Practice diagnosis and treatment of menorrhagia
Examination of the pelvic area for pathological causes, such as ovarian or uterine tumours... You can perform a pelvic ultrasound if needed.
Menopause is an abnormally heavy vaginal bleeding that occurs during menstruation, usually over 90ml, compared with the normal average of about 60ml. It should be distinguished from multiple menstruation is a condition that shortens the menstrual cycle, causing the patient to have more periods than normal people. If the bleeding is large but regular, it is rarely associated with a pelvic pathology.
Due to an imbalance between the hormones that control the menstrual cycle, oestrogen and progesterone, the lining of the uterus becomes too thick, and thus more blood is shed.
Menorrhagia can also be caused by a number of uterine diseases such as uterine fibroids, polyps, pelvic inflammatory diseases ...
In some cases, it is caused by using a contraceptive device placed in the uterus.
Determine how much blood is spotting during each period.
Regular bleeding or unusual signs, with or without blood clots.
Understand the symptoms of anemia.
Determination of haemoglobin concentration.
Examination of the pelvic area for pathological causes, such as ovarian or uterine tumors ... Pelvic ultrasound if needed.
Follicle-stimulating hormone (FSH) test if suspected is menopause.
Women under 40 years of age with menorrhagia are less likely to be associated with physical disease. If you are a woman over 40 years old, you need to examine carefully to detect the physical diseases.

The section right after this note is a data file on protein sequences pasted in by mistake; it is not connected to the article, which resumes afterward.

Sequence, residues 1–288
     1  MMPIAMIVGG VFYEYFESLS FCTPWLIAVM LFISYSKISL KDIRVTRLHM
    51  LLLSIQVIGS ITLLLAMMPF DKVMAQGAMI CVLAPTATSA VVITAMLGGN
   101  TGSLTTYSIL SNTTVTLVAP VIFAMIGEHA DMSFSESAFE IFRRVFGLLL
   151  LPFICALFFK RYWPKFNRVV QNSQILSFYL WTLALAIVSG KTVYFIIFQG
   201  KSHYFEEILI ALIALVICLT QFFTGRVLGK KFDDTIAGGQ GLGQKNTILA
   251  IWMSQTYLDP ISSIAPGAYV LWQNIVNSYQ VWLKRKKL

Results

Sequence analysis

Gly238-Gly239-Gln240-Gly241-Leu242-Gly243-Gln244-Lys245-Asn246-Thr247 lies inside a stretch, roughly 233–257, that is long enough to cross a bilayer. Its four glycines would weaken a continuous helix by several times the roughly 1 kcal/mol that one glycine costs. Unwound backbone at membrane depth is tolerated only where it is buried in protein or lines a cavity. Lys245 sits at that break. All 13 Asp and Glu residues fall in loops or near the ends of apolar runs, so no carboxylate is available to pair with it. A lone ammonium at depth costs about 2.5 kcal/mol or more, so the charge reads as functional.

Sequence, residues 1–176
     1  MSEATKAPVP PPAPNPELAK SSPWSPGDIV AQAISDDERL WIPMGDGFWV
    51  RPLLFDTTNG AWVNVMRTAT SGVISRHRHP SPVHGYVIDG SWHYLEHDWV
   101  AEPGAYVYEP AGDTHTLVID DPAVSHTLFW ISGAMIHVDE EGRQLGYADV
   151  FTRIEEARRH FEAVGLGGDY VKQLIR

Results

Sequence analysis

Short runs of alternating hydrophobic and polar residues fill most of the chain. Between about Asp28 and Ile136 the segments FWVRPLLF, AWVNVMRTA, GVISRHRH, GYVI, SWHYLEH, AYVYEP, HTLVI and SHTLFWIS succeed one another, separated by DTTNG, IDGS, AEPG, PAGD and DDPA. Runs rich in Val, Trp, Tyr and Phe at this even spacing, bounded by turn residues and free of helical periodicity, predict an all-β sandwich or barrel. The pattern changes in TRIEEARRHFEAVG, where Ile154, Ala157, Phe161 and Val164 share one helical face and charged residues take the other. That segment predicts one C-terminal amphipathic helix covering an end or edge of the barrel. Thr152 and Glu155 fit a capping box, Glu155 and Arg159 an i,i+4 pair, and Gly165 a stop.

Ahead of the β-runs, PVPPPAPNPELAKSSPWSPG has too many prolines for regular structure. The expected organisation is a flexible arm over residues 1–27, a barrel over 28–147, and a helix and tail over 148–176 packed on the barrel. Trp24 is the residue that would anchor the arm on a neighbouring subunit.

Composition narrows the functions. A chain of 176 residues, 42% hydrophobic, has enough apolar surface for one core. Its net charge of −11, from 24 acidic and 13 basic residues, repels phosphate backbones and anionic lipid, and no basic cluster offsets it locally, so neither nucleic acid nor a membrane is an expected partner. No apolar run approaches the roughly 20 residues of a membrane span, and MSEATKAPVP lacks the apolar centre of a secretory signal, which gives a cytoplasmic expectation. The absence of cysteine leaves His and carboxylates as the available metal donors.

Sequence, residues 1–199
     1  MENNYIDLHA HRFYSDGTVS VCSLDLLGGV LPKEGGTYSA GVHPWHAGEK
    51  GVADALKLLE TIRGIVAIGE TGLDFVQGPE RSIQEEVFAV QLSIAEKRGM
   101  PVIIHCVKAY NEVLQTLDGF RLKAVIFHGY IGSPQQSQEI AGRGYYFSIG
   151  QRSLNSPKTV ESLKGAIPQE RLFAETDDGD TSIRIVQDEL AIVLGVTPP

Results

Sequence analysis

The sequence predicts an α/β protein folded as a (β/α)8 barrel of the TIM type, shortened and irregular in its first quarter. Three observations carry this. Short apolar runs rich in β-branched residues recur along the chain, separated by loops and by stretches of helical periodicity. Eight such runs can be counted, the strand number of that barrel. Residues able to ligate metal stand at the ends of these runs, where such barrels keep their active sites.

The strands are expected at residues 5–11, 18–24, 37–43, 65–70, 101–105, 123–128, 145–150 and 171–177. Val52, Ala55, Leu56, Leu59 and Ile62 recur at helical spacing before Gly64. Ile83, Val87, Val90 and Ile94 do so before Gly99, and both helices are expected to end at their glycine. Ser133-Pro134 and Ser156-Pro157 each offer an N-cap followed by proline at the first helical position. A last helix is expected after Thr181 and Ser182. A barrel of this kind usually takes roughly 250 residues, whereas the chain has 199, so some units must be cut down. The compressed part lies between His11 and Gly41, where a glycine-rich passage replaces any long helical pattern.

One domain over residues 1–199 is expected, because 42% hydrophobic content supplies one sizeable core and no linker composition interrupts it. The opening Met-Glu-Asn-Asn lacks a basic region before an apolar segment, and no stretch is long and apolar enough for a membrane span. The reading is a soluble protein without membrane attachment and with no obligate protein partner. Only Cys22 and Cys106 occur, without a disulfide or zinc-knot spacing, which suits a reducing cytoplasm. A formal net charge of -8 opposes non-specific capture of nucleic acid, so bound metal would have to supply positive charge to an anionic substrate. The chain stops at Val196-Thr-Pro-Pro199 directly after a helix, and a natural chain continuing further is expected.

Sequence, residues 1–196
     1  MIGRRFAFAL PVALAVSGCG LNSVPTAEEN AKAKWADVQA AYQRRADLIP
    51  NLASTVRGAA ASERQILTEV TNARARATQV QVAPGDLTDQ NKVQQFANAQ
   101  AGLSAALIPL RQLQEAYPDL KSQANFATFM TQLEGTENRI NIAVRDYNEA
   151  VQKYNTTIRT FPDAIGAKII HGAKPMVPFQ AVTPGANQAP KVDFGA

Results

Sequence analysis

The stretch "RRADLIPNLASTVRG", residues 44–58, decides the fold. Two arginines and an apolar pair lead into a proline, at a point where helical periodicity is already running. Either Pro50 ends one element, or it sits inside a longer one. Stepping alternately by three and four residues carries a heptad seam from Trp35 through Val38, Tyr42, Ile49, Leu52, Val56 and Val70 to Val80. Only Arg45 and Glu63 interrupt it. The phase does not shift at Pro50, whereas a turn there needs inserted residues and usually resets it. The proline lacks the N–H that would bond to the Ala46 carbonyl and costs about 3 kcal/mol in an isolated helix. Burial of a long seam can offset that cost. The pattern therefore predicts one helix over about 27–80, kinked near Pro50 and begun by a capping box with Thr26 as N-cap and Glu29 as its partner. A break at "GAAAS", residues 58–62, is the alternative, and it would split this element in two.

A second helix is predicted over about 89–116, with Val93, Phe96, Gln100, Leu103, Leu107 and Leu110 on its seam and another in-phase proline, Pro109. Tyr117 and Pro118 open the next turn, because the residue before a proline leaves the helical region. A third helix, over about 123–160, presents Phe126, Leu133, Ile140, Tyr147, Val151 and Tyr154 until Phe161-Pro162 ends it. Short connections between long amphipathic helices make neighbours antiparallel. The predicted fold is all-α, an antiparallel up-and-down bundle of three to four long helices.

If menorrhagia has a sudden onset, specialist referral should be considered immediately.
If you are using an intrauterine device, please remove it and consider replacing it with another method of contraception.
Instruct the patient to record complete information about each menstrual period.
Use mefenamic acid 250 - 500mg, 3 times a day.
Only use during menstruation, on a few days when the most bleeding occurs.
If there is a need for contraception, the use of combined oral contraceptives with high levels of progesterone may be effective.
Progestogens, such as norethisterone 5-10mg 2 times a day, from day 19 to day 26 of the menstrual cycle. If your menstrual cycle is shortened, start this 8-day course about 10 days before your period. The reasons for the use of progestogen are not well understood.
To control excessive bleeding, administer norethisterone up to 10mg, 3 times a day. Usually, the bleeding stops after 48 hours. Then, reduce the dose to 5mg, 2 times a day, for 12 consecutive days. Often patients can bleed when the drug is stopped.
In some cases, the use of:
Fibrinolytic drugs, such as aminocaproic acid, 1-2 sachets, 4 times a day, or ethamsylate 500mg, 4 times a day during menstruation. For short-term use only.
Danazol 200mg daily for 3 consecutive months.
Very common side effects.
When a patient appears to be unresponsive to treatment, consider a referral to a specialist, which may require surgical removal of the endometrium of the uterus.